Hello. I'm in need of some help before this becomes a bigger issue. I own a 1993 Jeep Wrangler YJ Sahara edition, automatic v6 straight. I bought the car for under 5 grand, and it only has 108K miles on it. I brought it to Midas, had the valve cap replaced along with oil change and frayed hose line repaired.
I'm still experiencing the following issues that I want to fix myself before succumbing to an overpriced auto mechanic on Hawaii:
1) When driving at night, I only have High Beams, no low beams.
2) Gas gauge is inaccurate. I filled and ran dry the tank, and found I had about 20 gallons in it clocking out at 250 miles per tank. however, when I heard the car running dry, gas gauge still showed a quarter tank. Is it the bulb in the tank going bad? This also leads into bad gas mileage, in which I am researching engine cleaning kits to fix this issue (already did the Seafoam trick which worked for awhile).
3)Oil gauge: when I'm driving it goes up all the way, but when I stop it swings back to a normal level, so I'm assuming the oil gauge is wrong?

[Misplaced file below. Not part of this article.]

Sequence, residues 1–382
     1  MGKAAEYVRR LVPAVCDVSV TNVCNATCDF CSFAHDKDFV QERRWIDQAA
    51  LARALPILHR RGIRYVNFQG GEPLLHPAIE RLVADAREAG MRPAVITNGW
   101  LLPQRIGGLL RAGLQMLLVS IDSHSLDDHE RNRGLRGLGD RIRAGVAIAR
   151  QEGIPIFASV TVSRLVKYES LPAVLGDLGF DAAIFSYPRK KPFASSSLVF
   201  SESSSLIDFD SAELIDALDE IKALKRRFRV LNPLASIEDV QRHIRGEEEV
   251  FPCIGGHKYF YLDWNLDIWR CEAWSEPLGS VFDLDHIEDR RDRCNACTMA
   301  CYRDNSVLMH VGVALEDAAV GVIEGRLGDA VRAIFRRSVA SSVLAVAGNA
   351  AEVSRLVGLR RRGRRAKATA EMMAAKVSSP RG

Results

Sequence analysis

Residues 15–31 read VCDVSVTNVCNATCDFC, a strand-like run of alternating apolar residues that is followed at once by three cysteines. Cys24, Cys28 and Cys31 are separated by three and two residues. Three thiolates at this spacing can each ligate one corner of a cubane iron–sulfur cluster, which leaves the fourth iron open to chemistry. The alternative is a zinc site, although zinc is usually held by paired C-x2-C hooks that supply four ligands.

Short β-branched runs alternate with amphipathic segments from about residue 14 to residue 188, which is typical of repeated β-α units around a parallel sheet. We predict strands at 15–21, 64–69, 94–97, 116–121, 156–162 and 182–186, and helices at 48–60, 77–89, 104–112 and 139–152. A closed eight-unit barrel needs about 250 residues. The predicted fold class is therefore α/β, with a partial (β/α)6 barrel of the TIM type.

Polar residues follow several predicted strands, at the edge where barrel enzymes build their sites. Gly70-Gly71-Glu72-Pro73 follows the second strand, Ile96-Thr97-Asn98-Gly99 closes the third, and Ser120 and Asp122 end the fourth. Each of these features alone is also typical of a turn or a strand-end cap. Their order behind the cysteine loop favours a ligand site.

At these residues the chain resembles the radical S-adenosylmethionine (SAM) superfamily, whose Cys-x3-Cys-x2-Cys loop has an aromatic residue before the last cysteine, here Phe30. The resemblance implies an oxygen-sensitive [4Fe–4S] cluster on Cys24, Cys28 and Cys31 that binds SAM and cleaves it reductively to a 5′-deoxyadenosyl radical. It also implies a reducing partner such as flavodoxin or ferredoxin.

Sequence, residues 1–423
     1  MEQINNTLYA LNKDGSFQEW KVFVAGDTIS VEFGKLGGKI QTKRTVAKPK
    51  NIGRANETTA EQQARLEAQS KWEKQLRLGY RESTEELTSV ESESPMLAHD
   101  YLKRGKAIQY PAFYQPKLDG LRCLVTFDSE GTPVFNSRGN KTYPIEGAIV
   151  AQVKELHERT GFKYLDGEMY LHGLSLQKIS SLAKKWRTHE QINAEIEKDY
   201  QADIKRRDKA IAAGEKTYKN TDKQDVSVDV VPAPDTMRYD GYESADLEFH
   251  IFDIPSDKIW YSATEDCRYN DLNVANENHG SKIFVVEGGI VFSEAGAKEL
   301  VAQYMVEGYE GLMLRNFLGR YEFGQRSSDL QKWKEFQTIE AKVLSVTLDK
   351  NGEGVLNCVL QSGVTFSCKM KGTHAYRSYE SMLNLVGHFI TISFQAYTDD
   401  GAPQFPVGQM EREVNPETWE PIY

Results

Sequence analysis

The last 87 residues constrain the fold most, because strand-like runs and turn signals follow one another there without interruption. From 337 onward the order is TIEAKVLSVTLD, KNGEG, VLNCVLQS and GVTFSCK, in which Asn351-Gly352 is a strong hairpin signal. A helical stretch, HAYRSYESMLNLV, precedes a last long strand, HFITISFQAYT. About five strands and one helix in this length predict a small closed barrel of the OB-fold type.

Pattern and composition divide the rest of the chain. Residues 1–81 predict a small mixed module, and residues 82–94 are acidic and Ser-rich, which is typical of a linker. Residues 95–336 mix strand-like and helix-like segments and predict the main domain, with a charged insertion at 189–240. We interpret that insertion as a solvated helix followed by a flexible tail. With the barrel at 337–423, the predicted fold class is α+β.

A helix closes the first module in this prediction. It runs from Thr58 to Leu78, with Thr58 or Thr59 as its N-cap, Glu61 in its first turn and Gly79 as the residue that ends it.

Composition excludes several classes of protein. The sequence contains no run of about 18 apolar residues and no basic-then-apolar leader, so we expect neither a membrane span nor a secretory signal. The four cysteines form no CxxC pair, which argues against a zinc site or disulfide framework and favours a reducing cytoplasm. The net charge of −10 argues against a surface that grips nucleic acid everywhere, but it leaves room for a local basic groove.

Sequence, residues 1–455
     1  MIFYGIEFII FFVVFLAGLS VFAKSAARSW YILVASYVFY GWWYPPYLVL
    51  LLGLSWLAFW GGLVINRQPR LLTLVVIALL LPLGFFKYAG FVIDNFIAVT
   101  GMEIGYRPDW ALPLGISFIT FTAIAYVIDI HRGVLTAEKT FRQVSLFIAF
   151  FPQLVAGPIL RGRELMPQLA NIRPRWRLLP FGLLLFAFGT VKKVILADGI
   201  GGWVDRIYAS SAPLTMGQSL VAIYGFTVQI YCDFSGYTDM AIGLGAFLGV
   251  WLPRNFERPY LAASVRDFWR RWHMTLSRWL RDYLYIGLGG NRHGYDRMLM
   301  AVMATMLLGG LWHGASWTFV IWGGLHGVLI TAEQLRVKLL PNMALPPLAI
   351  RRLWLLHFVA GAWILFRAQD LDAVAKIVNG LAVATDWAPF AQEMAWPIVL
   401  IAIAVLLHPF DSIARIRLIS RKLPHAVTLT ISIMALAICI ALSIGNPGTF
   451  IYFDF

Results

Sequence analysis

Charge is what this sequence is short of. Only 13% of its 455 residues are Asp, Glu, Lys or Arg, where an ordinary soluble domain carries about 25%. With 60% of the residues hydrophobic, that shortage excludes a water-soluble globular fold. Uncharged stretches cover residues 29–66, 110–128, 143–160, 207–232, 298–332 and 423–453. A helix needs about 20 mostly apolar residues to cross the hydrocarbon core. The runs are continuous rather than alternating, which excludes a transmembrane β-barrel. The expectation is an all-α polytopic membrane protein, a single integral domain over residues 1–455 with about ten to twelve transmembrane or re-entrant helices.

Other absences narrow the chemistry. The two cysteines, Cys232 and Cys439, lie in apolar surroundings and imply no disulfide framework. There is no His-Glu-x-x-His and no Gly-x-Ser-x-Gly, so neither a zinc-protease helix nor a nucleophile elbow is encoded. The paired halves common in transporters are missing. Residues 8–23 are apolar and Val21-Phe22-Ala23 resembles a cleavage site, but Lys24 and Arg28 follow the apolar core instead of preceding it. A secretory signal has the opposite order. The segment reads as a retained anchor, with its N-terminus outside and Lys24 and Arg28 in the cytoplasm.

4) Driving at night, though I have high beams on, I have no interior panel lights on, so this is becoming dangerous when I'm driving at night and I need to see how fast I'm going.
5) No radio, but I know I need a harness and speakers. This can be fixed I'm sure when I attach a harness to the Jeep later on.
6) A/C power outlet does not work.
Lastly, when I'm driving I hear a rattling sound. I'm not sure if it is my rear tailgate or if its just the age of the car.
Any input from fellow Jeep owners is appreciative.
1) high beam switch could be bad, dirty, or out of adjustment. Located on top of the column under the dash.
2) gas gauge is notoriously inaccurate. Kinda spendy to fix. Most folks just use their odometer and fill up at 200 miles.